Kirsti Lattu probably has had more challenging days at work than you have.
The Nelsonville resident has spent more than two decades working for international aid agencies, including the U.S. Agency for International Development (USAID), the Humanitarian Accountability Partnership and Doctors Without Borders.
Her assignments, which have ranged from months to years, have taken her to 45 countries, including Haiti, Chad, Congo, Sudan, Afghanistan, Kosovo, Madagascar and Thailand. Most recently, she spent nearly three years in the Central African Republic as a senior humanitarian adviser for USAID. She spoke with Alison Rooney.
Was this profession always something you were drawn to?
From probably the age of 10 I wanted to go overseas. I joined the Peace Corps and trained in Zaire [now the Democratic Republic of the Congo] before serving in Rwanda. Then I did public health work as a volunteer in Rwanda; I was in the last group before the genocide began [in 1994]. Being in a war zone was a game changer and convinced me that I wanted to continue working in international disasters. So, it was not a completely straight path.
Is every assignment different?
In international-disaster response, an organization will ask me to go to a country and figure out how we can help collectively or assess critical staffing gaps. I’ll always be asked to participate or lead in a response assessing “What are the needs?” When there’s a crisis, there are great resources put out by the United Nations and donor countries that you can tap into for what’s happening now, and who’s who.
Is there ever resistance from the people you are trying to help?
You’re there to provide assistance, and there’s a space for that, although sometimes it has to be negotiated. With the vast majority of people, there’s a willingness to accept assistance. It’s lifesaving in a lot of places. There is rarely an expression of, “Why bother? It’ll just happen again,” because there are immediate problems which need solving, such as “Where am I going to sleep tonight?” or “We need water, shelter, a cooking pot.”
What are the toughest challenges?
Some conflicts have been going on for many years, with populations displaced multiple times and stuck in limbo because of the insecurity. It’s discouraging to hear the stories of how many times people have fled, restarted and fled again. Humanitarian aid responds to urgent needs; it doesn’t end conflicts and restore stability. That’s for political actors, governments and peacekeeping. I’m pragmatic about what aid can’t do and try to stay optimistic.
Anywhere you go in the world, people have more in common than they do differences. We all want to survive until tomorrow so we can build the day after. The challenge with natural disasters many times is that there’s an acute phase that’s over quickly, before recovery. I’ve worked in a lot of acute situations.
What do you see as the biggest global threat?
Climate change. I see it in drought responses. Subsistence farmers may not be able to raise enough to support their families. We’re always assessing, asking: “How long has it been since you’ve had a normal harvest? How often does this river rise this high?”
Is there burnout among aid workers?
Yes, but the wonderful thing about being in this field for so long is you see tangible things happen for communities you’re working with and for. The people I work with are principled, dedicated and creative problem-solvers, in a diverse international arena that’s inspiring. It’s a compelling way to spend a day at work.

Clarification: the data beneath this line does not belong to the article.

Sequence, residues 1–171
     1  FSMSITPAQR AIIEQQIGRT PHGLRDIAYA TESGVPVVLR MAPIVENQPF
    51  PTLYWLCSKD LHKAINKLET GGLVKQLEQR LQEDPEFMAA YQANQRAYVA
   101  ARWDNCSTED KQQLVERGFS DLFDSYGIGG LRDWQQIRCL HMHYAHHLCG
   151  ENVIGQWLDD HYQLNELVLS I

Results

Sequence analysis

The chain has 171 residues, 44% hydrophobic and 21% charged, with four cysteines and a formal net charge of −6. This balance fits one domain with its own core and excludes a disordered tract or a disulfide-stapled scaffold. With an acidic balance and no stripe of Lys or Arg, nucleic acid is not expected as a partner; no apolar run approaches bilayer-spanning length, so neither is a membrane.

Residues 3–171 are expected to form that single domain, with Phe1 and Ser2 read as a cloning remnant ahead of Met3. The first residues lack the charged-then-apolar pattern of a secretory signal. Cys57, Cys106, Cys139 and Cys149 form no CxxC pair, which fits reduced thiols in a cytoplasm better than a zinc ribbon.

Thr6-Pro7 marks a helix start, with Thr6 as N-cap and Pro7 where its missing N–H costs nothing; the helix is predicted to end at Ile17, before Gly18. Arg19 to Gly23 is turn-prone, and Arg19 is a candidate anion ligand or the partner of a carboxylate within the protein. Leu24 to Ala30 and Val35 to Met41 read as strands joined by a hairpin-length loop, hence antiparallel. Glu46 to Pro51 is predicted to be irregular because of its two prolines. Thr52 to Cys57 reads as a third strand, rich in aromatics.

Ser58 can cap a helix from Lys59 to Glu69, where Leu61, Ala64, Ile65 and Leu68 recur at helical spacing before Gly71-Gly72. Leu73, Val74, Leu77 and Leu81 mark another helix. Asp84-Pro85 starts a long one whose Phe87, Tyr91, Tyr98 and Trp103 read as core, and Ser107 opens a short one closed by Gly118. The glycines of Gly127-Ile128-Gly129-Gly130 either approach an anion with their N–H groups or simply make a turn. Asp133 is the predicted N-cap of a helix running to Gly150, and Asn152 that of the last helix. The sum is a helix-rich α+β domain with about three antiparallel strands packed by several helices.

Depending on security, you may not be able to just go for a walk. [To combat burn-out], I made time to read, do yoga or to send a quick message home to family and friends. Most of the time, I’d get up every morning feeling a great sense of purpose wondering what the day would bring. I’ve never had a dull day, frankly.
Has Cold Spring provided a respite?
I’ve lived here for almost 16 years, though I’m gone 75 to 80 percent of the time. My spouse and I met in college. We came to Cold Spring at a time when we needed to find a way to put our lives under one roof. We came up for a day, went kayaking, and it rained, and that was it, we found it here. It’s been a magical place to come home to and has made it possible to continue working in some of the more difficult places in the world.
Does working in the field require the idealism of youth?
When working in humanitarian crises, you’re focused on who’s fighting where, and on creative problem-solving. Everyone involved is probably idealistic and opportunistic but also pragmatic about what’s feasible for the long haul. You’re working in insecure environments, and aid workers are killed. It requires a lot of thinking wisely and you don’t learn those skills in your first assignment.
Is it hard to leave a crisis? Do you suffer from survivor’s guilt?
Sometimes there’s an emotional attachment, and sometimes not, but there is always empathy. It’s not always a negative not being able to stop something. It’s also a matter of how you advocate for others to come and start to fill those spaces. There’s a profound responsibility in being in places many people cannot go.
When communities share things with you, you have a responsibility to do something with that. I remember one community in northern Congo, where I talked with a woman chieftain who said: “Thank you so much for the tools, and the seeds, which we planted, but our challenge is we can’t cross the river, so can you help us with the barge?” They needed it to bring the crops to the larger markets. We managed to figure it out and connect the dots. She was clear on what they wanted and what they didn’t need. When I’m leaving an area and someone says, “I hope to see you again,” I reply, “No, you don’t, because it means something bad has happened. I look forward to traveling to your country as a tourist.”